In the mid to late 2000s, a massive spike in oil prices forced many Americans to come to terms with our addiction to fossil fuels. As wars over Middle Eastern oil wore on and the price of crude shot up from $30 a barrel in 2003 to a record high of $147.30 in July of 2008, a renewed public interest in alternative energy and efficiency arose. Not since the days of the 1970s oil crisis were so many engaged in the debate over the country’s energy future. During that brief window, Maine lawmakers passed several initiatives to help ween the state off of fossil fuels, including investments in home weatherization and efficiency, rebates for solar and wind, expedited wind permitting, the creation of the Ocean Energy Task Force, and a new statewide uniform building efficiency code. Local boards like the Camden Energy Committee also formed to look at new ways of investing in energy efficiency and transitioning to renewables. 

However, as the recession heightened anxieties, oil prices dropped back down and the practice of hydraulic fracking produced a boom in cheap natural gas, a powerful political backlash toward investments in alternative energy gained momentum. 

Following the Tea Party wave election of 2010, the state backtracked on its energy policies by letting renewable power incentives expire, killing a $120 million offshore wind proposal, repealing the new building efficiency standards, and blocking all new initiatives to harness the power of the wind and sun. And locally, in the wake of an organized opposition campaign to a potential wind turbine on Ragged Mountain, Camden’s Energy Committee dissolved in 2011. 

A Reinvigorated Local Environmental Movement

But with a renewed urgency to take action on climate change along with a precipitous drop in the price of solar power, grassroots environmental activists have regrouped  at the local level. Last week, the Camden Select Board voted unanimously to assess the roofs of local municipal buildings for the potential of accommodating solar panels and to re-establish the town’s Energy Committee after four years of inactivity. If successful, the town could begin construction on the solar arrays as early as this fall to take advantage of the federal tax credit set to expire at the end of 2016.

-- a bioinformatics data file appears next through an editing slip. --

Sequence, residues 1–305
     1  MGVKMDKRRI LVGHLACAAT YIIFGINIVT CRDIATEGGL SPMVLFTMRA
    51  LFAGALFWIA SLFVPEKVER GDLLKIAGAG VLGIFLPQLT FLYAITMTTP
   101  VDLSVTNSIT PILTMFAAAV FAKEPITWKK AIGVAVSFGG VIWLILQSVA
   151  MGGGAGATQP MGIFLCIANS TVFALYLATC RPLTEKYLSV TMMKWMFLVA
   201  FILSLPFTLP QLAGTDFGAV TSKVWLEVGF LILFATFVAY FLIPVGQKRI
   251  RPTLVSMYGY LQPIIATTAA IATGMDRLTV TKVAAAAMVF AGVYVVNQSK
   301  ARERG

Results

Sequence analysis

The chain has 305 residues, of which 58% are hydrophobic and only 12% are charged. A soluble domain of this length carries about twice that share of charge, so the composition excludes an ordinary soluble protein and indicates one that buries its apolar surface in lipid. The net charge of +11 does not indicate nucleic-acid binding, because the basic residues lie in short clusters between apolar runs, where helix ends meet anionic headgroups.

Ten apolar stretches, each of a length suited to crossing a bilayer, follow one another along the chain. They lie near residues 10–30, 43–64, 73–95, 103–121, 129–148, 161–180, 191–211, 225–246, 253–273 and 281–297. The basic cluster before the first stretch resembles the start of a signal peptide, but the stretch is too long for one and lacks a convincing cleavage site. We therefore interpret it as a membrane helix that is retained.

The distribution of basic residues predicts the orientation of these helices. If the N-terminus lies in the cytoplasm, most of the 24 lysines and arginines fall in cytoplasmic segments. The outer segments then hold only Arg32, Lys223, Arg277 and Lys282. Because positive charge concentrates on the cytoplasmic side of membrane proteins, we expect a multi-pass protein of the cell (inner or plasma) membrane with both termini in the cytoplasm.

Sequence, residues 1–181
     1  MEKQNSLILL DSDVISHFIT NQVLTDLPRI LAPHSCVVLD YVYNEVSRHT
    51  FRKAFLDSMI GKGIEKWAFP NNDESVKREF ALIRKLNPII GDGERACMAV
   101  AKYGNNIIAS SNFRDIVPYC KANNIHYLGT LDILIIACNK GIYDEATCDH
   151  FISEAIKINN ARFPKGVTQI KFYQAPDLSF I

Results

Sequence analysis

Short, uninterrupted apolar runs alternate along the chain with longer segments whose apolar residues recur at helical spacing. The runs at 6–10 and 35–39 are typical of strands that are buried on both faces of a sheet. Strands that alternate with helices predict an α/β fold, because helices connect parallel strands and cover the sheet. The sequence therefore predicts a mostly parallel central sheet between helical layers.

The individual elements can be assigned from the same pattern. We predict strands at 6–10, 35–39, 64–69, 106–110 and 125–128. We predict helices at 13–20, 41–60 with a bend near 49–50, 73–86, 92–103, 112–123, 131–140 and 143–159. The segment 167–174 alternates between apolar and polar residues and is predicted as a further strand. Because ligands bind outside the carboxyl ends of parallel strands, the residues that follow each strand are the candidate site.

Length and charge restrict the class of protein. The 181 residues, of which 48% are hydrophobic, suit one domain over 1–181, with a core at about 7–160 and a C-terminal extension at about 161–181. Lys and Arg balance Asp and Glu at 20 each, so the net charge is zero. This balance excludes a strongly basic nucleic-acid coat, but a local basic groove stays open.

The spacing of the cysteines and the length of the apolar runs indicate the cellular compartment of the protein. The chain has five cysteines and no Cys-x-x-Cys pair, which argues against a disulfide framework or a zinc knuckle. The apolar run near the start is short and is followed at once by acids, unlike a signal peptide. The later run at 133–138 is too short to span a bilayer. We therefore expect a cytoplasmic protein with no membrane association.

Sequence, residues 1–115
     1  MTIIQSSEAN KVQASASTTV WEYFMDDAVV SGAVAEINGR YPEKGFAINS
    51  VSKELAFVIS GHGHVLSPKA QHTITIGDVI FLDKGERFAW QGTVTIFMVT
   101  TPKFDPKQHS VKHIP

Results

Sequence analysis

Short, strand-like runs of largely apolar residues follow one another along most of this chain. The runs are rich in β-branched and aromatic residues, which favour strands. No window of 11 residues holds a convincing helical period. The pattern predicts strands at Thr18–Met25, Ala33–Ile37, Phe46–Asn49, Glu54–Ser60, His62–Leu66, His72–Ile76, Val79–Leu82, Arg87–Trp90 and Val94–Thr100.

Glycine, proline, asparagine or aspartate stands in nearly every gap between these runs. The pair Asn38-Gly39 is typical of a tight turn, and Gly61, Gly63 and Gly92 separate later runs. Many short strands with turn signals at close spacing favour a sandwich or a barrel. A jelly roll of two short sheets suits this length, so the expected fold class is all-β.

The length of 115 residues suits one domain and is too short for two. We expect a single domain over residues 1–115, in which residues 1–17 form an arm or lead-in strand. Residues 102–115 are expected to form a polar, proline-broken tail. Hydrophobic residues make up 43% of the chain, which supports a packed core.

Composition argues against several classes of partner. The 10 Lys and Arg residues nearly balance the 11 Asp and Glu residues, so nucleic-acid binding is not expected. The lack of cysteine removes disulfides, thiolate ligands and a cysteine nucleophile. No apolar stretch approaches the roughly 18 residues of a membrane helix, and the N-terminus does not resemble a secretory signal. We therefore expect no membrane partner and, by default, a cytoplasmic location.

And with the initiative comes a new vision for the town developed by a group of local students at the Watershed School titled “A Carbon Neutral Camden.”

“We’re asking you to take a second look at the problem because I feel like younger people view the problem very differently than my generation and my parents’ generation and think of it as an opportunity,” Watershed teacher Janet McMahon told the Camden Select Board on July 14. “If you switch from fossil fuels, it’s quieter, it’s cleaner and in the long term it’ll be more economical.”

In a survey of 200 Camden residents, the students reported that 90 percent favor putting solar panels on municipal buildings, 92 percent support increasing light efficiency and 95 percent approve of more investments in building efficiency. The group’s ambitious action plan calls for making every building in Camden carbon neutral through investments in solar arrays, efficiency upgrades, wind power and possibly even hydro-electric. Watershed student Jillian Galloway said that the town’s highest energy user, the Camden Snow Bowl, could offset the one million kilowatt hours it uses by installing three acres of solar panels.

She said that Mount Abram Ski Resort in Greenwood could serve as an example for Camden, having invested in 803 solar panels, which reportedly offsets 70 percent of the ski area’s electricity use. 

The group is also calling for the establishment of an electric vehicle charging station, noting that there are no public EV charging stations on the coast between Brunswick and Bar Harbor. Galloway said that the school system is the second highest energy user, but that it could take a cue from schools in Michigan and California that have begun introducing electric buses. She added that the Danish island of Samsö, which has become 100 percent carbon neutral by making massive investments in renewable energy, could serve as a model, as it has roughly the same number of residents as Camden. She pointed out that the movement on Samsö started with a few community meetings.